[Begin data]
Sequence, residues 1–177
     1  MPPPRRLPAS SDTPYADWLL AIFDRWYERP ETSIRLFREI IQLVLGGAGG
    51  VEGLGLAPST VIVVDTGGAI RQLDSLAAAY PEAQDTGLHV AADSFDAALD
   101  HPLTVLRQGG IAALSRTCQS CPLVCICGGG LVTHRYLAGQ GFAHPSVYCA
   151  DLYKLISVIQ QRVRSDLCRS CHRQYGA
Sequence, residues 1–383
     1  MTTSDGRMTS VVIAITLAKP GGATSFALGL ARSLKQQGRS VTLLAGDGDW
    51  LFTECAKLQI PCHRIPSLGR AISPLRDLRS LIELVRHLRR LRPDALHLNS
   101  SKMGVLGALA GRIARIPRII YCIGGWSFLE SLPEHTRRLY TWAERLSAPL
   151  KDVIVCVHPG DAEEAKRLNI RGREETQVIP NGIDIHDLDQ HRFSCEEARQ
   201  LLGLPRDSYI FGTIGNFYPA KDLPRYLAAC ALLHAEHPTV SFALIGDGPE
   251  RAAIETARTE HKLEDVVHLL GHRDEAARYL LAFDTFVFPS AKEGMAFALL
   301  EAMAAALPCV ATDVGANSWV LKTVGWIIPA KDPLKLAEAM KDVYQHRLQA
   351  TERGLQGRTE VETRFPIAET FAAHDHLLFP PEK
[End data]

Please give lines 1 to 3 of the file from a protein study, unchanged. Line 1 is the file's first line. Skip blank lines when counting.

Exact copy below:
Sequence, residues 1–177
     1  MPPPRRLPAS SDTPYADWLL AIFDRWYERP ETSIRLFREI IQLVLGGAGG
    51  VEGLGLAPST VIVVDTGGAI RQLDSLAAAY PEAQDTGLHV AADSFDAALD